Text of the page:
And this is their cover of Fleetwood Mac’s Go Your Own Way, filmed in a cosy secondhand bookshop. This was edited by our DOP, Pete Graham.

to wellington and beyond…

Here I am in sunny Wellington, New Zealand. I’ve moved here to take up a place at Victoria University’s International Institute of Modern Letters, doing an MA in Scriptwriting. One week in, and it’s a lot of work, but a lot of fun.

So… towards the end of last year I started a placement at 360 Production in Derry, and became offline editor for their new YouTube channel, HeadSqueeze, a science and technology channel featuring James May. It was a big challenge but I really enjoyed it (and now don’t hate Final Cut Pro quite as much as I used to). Here is one of my favourite videos from the channel’s Live Experiments strand:

Jon Chase was really funny, and there was some great stuff that I was sad to relegate to the cutting room floor.

Also towards the end of the year, Tourist Walk released the second and third videos from the Belfast walk. It was great to see this stuff come together. The boys edited these videos themselves (due to me being stupid busy with all the other projects!) and I graded them. The second shot of “We Found Love” from the New Lodge (with Oisín walking towards us) is my favourite bit of the Belfast shoot. Turn the cog to full HD for these videos!

Staying with the Tourist Walk theme, we shot Tourist Walk Derry just after Christmas. It was really cold, and we even got a bit of snow on our last night! But it was great fun, we were well fed, and we shot some really cool stuff. The crew expanded a bit since the Belfast shoot, so we had four cameras – me (also directing), DOP Pete Graham, and camera assistant Austen Irwin, who ended up manning two cameras most of the time (so not really an assistant at all!) Plus Colm Herron on sound, and a massive behind-the-scenes crew.

The first of these films to be released is Other Side of Town, an original which we filmed on the Peace Bridge (see what they did there). I edited this one early this year.

Two more to come shortly!

What else? Oh at the start of the year, I (with the help of the amazing drummer/assistant extraordinaire Ross Haymes) made another music video for the fabulous Hurdles. Paper Soldiers involved greenscreen and stopmotion (my idea, because I’m sucker for punishment I suppose?) as well as archive footage and stuff I shot at various gigs. It was a lot of fun to put together.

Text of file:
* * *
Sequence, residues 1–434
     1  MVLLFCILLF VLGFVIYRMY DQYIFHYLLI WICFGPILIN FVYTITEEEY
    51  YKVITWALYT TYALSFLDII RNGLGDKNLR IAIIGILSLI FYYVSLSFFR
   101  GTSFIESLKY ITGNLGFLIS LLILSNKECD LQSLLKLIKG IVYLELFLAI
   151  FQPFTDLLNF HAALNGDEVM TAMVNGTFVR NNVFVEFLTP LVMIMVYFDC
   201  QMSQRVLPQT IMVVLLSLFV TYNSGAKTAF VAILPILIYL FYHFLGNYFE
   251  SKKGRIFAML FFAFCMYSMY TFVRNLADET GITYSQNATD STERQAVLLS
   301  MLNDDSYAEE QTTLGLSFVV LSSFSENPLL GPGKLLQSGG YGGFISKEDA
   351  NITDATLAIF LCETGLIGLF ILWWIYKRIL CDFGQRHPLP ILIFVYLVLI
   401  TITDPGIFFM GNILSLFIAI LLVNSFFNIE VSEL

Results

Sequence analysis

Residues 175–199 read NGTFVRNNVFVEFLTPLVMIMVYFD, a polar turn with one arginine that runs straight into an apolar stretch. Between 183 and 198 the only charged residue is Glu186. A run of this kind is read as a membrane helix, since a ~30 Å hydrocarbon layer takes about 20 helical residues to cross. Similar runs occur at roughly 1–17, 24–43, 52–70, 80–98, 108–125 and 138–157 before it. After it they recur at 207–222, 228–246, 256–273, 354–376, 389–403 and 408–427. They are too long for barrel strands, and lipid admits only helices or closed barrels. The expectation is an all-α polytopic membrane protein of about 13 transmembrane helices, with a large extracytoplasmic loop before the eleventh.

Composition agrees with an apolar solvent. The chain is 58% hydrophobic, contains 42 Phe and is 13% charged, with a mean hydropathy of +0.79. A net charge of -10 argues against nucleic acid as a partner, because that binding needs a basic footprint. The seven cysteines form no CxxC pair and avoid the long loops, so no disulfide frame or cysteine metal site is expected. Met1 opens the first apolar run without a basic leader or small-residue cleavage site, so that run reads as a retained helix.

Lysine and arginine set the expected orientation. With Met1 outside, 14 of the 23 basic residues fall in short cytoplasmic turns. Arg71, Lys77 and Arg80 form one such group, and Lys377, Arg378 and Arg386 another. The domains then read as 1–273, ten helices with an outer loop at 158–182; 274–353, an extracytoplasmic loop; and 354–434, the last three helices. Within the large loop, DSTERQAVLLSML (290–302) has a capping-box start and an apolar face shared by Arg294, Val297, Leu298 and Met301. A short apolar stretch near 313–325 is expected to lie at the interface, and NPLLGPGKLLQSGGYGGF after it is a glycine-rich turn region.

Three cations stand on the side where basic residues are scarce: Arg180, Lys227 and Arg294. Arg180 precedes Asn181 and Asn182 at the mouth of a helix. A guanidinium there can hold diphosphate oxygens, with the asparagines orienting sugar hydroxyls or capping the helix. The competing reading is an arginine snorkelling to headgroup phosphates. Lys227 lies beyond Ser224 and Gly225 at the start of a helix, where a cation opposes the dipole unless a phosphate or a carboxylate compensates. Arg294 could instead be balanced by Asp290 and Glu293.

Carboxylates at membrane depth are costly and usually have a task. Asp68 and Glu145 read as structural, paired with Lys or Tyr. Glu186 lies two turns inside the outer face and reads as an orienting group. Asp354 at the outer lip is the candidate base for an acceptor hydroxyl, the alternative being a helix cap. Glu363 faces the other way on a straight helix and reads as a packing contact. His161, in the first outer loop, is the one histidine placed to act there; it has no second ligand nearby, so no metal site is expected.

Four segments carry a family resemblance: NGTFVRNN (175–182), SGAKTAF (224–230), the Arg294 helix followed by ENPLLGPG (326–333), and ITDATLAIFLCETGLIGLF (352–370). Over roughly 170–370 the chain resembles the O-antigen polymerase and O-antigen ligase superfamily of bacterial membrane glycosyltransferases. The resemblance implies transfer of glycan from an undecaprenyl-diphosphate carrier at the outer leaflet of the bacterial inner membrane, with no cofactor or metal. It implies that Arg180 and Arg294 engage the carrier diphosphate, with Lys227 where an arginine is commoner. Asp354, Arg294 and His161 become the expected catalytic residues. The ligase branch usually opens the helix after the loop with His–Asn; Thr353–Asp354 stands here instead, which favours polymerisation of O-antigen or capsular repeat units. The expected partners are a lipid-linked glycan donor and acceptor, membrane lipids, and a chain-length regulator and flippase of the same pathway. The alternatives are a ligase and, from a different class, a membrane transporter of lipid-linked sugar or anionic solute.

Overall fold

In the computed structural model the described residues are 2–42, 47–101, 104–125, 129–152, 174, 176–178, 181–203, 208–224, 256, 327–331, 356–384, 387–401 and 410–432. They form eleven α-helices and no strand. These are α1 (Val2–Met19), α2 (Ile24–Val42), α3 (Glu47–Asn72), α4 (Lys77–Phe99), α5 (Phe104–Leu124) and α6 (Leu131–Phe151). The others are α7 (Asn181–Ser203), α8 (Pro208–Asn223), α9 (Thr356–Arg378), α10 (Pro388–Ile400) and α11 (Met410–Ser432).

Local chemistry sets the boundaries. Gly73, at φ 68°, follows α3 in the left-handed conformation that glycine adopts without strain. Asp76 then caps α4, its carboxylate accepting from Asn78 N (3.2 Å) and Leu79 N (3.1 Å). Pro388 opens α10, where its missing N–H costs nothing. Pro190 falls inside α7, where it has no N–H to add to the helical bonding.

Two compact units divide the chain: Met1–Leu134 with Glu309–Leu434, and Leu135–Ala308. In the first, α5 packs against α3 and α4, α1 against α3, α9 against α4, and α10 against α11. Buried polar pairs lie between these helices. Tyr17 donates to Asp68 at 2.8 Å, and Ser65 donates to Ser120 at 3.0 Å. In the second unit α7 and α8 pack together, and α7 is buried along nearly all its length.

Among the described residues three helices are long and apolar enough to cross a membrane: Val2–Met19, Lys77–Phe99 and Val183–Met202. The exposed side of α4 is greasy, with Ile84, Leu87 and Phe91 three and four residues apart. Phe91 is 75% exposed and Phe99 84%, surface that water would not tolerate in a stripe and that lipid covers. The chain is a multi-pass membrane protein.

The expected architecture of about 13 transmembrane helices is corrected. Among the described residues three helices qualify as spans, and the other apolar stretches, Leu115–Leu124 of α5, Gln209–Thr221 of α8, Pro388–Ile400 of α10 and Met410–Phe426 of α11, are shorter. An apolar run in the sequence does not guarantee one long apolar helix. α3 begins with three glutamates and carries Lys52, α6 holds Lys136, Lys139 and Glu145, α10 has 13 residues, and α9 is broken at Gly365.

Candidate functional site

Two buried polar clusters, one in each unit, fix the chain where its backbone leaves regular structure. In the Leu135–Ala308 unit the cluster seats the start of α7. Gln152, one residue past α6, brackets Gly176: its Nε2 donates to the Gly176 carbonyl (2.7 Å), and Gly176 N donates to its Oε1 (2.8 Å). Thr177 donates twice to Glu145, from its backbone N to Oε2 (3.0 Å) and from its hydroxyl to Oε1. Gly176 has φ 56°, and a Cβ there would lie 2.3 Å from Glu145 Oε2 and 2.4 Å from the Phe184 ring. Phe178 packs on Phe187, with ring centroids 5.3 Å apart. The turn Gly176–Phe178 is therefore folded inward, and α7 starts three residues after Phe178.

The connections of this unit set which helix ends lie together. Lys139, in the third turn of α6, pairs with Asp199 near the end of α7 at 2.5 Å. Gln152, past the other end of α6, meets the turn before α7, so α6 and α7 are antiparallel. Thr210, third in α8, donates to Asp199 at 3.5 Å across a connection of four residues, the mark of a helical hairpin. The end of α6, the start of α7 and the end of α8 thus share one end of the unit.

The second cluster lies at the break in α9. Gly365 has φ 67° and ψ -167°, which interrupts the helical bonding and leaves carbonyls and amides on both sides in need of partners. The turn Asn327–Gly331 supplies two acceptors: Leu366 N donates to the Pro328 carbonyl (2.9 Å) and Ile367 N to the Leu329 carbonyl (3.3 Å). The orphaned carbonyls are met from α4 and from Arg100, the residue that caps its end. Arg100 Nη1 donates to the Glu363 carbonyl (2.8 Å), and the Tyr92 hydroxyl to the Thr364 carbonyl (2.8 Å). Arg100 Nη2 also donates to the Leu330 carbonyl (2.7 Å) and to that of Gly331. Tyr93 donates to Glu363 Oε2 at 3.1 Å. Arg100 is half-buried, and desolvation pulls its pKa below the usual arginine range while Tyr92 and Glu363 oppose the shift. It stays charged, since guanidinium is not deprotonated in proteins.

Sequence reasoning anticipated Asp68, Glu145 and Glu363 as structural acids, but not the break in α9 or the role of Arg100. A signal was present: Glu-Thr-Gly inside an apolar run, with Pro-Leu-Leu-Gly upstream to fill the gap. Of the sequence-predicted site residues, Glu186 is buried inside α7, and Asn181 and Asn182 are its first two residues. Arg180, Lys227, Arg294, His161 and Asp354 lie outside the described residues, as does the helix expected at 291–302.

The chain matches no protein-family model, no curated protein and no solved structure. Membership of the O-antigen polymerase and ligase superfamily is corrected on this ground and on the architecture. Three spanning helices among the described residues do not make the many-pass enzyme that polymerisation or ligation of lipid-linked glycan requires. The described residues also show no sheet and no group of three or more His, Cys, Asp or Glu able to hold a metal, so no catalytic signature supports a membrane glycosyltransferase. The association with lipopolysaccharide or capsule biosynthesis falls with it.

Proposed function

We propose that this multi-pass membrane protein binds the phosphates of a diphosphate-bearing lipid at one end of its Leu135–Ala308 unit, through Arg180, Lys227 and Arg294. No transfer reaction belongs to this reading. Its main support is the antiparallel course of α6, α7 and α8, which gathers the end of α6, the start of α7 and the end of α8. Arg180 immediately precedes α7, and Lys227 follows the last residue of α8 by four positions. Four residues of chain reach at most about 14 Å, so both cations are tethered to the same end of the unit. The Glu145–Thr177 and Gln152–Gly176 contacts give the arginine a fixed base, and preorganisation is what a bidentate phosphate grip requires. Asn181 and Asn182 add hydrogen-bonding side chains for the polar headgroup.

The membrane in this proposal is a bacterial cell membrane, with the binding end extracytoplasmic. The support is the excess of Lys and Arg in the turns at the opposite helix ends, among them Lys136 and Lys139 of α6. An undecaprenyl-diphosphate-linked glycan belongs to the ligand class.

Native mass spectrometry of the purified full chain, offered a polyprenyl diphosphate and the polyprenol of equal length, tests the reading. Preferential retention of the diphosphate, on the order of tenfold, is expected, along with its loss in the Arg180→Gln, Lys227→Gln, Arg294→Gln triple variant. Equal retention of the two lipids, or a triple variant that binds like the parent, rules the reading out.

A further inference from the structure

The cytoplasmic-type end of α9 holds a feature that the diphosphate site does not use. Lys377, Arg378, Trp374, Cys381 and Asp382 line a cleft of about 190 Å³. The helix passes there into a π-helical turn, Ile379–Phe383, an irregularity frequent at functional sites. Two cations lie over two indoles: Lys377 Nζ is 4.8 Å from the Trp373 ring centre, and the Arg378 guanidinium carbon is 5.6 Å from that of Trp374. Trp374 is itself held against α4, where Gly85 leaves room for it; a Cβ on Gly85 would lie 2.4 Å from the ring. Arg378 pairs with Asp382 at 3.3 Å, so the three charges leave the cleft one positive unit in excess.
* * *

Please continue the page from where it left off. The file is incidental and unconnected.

The boys are hoping to record their first EP soon, and in the meantime they continue to take the Belfast gig circuit by storm. They’ve also recently played Dublin and Derry, so watch this space while they take over the world. I’ve done some gig photography for them too, which I’ll make available on here just as soon as I have a spare minute. In the meantime you can spot some of the pics over on Facebook.

So right now I’m concentrating on getting back into the swing of studying, loads of writing to do of course. Also looking to get involved in the industry over here, so on the lookout for shooting or editing jobs – music videos or short films most likely. Contact me if you know of anything!

Oh and One Night got into the Belfast Film Festival. The producers are busy with loads of other festival entries, so will keep you posted!

We had a public screening a couple of weeks back at the Menagerie in Belfast, which was a lot of fun. We also screened Bliss, which went really well (although I think the sound man was a bit perplexed by my weird sound design).

Right, I am going to go soak up some Vitamin D, before I’m hit by another winter.

four months you say? Sorry…

It’s been forever since I last entered the blogosphere, so I’ll try to be brief… ish…

In June, a little before my previous post, I spent an evening with the boys from Seven Summits and actor Jordan Dunbar filming for their music video The Worrier. It was a hot summer’s night (yes, we had one of those!) in Downpatrick, and I shot the scenes… well, the scenes which involve sweaty men. You’ll see. I don’t want to give away what happens in the video. It’s recently been released, so here it is:

In July, after finishing up my placement in BBC post-production and finishing my Tourist Board/Cinemagic films, I took a week off to explore the countryside a bit with my sister and new brother-in-law. While hiking in Dunfanaghy, Co Donegal, I received the news that my short film script, One Night was being considered for production. Very exciting stuff!